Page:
The Walker Curates the News: 01.25.16

Deborah de Robertis

Deborah de Robertis, Facebook

Examining nudity “in the real world,” performance artist Deborah de Robertis recreated the nude in Edouard Manet’s Olympia in front of the work itself. In a telling parallel with the painting whose nude was met with shock in the 19th century, de Robertis’s body was immediately covered, and the artist was removed by Musée D’Orsay security. Released after two days, she said, “The museum is perfectly happy to use nudity when it comes to encouraging people to come to the exhibition, and there are even pornographic films being shown in the museum, but when it comes to a contemporary artistic performance like mine, they don’t recognize it as art, and they censor it.”

  • For the second year running, no African American actors have been nominated for Academy Awards, a fact that prompted the return of the hashtag #OscarSoWhite—and a statement by Charlotte Rampling, herself a 2016 nominee, that such complaints are “racist to whites.” She says, “One can never really know, but perhaps the black actors did not deserve to make the final list.”
  • Meanwhile Steve McQueen, the first (and only) black director to have ever won a best picture Oscar, linked this moment to the recently unearthed 1983 clip of David Bowie decrying MTV’s race-based programming decisions. “I don’t even want to wait 20 years,” McQueen said. “Forgive me; I’m hoping in 12 months or so we can look back and say this was a watershed moment, and thank God we put that right.”
  • Last week, an Internet icon celebrated its 15th anniversary. The Creators Project looks back on Wikipedia’s relationship with the art world. What started as a source for information on art (and everything else) quickly became a source for creative inspiration. Here, a sampling of “artworks and projects that grapple with the behemoth of at-our-fingertips information—minus a bit of human error—that Wikipedia has become.”
  • To Western audiences, popular media presents largely essentialized representations of the Syrian conflict. Artists and writers share how photography can reframe and diversify such representations. Isaac Kaplan writes that “Syrian photographers and images of the conflict, when imbued with an emotional complexity absent in the pages of newspapers, can perhaps, ever so slightly, shift our focus for the better.”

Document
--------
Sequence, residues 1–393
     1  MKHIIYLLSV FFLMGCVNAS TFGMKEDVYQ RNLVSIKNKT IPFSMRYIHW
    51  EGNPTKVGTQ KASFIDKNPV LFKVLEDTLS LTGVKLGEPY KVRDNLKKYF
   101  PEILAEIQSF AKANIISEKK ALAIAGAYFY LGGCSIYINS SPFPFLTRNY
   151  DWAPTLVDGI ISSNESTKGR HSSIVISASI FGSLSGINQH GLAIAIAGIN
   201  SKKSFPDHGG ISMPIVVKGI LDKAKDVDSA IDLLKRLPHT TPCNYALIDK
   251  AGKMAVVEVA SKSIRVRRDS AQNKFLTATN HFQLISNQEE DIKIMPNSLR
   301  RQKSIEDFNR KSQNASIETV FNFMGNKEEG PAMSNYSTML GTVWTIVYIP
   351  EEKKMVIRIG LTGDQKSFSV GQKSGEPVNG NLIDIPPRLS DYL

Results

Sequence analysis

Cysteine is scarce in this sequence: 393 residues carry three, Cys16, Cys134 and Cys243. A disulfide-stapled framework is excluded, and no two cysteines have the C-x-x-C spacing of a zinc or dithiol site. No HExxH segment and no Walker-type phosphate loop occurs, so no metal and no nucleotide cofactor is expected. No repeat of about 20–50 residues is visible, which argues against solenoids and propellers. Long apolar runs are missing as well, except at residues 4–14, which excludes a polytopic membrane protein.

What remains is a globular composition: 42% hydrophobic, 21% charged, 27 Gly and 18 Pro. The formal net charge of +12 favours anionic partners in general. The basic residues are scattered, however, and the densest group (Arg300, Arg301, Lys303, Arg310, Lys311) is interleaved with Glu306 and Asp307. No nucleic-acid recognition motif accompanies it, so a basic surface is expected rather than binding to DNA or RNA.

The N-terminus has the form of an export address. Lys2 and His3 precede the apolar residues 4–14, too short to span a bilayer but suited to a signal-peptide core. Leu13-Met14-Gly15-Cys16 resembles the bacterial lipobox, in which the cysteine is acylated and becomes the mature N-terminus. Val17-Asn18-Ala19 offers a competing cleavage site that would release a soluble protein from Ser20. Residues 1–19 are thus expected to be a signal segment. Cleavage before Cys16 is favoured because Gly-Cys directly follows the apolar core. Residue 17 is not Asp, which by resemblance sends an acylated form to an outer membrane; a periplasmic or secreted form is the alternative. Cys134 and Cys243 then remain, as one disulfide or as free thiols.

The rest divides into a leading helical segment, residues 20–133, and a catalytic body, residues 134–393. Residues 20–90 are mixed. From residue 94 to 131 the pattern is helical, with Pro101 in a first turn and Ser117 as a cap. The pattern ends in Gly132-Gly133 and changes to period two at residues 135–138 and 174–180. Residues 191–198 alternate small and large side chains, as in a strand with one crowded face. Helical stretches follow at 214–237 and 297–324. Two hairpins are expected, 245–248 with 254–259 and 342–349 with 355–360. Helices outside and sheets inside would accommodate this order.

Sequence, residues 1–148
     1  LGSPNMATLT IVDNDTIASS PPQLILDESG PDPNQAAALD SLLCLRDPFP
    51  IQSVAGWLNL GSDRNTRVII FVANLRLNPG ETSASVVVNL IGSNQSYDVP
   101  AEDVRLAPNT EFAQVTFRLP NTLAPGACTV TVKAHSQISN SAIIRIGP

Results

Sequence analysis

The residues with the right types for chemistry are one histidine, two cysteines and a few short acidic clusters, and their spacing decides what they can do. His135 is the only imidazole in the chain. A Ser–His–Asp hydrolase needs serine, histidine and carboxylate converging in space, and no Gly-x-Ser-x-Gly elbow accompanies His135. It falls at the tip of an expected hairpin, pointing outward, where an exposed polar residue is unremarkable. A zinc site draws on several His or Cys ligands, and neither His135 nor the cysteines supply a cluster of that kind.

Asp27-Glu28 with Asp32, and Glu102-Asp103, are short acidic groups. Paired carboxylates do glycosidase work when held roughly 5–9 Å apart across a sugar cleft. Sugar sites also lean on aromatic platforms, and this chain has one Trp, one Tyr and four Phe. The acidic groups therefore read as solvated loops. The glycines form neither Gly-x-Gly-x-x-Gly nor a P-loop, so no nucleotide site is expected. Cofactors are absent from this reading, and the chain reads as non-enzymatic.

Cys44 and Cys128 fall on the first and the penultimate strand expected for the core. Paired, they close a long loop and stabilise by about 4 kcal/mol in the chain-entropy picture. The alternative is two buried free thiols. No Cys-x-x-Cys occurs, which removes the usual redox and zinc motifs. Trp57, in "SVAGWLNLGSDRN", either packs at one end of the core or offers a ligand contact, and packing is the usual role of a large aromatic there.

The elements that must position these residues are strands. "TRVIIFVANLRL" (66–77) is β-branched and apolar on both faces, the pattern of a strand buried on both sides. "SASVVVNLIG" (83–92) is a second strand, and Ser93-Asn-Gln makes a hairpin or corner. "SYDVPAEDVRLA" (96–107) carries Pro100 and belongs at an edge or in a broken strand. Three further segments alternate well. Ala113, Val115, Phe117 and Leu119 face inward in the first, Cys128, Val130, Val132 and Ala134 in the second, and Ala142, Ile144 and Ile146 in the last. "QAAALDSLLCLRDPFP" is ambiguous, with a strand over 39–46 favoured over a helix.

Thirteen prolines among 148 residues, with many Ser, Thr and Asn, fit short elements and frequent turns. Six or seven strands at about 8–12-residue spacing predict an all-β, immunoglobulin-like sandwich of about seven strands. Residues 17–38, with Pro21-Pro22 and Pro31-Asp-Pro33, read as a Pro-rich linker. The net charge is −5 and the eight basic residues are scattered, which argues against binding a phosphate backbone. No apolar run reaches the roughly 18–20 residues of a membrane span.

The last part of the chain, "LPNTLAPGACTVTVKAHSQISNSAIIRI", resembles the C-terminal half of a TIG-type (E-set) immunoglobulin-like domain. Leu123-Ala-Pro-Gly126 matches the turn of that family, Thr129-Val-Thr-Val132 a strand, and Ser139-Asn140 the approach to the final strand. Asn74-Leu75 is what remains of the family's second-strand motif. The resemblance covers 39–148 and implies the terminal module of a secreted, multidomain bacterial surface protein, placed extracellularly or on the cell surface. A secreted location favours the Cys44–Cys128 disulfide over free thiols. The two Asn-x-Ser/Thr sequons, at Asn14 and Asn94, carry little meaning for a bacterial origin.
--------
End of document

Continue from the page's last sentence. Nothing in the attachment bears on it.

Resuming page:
• 2016 marks the 100-year anniversary of the battles of Somme and Verdun. Looking back, the UK’s art program 14-18 commissions artists to create pieces commemorating World War I. Ciara Phillips, Yinka Shonibare, and others have been tasked with “looking beyond the carnage on the Western Front, responding to the changing role of women during the war, the experience of refugees then and now, and how troops from India rushed to France and Belgium as the British Army’s casualties mounted.”
  • A new Brooklyn Museum show explores how artists address public concerns, touching on issues from racism to LGBT activism. Reflecting “how multiple generations of artists have tackled the same concerns over time,” Agitprop! will add new works  over the course of the show. Featured in the show are such activists as Coco Fusco and Adrian Piper.
  • Why is so much great art in storage? As works by well-known artists go unseen, museums try figure out how to “decrease the size of stored collections, or at least prevent them from growing at an unsustainable rate.” It’s not a straightforward task. Quartz unpacks the process of finding out how much of an artist’s work is on view, discussing institutional culture, the accuracy of available statistics, and the role of online databases.

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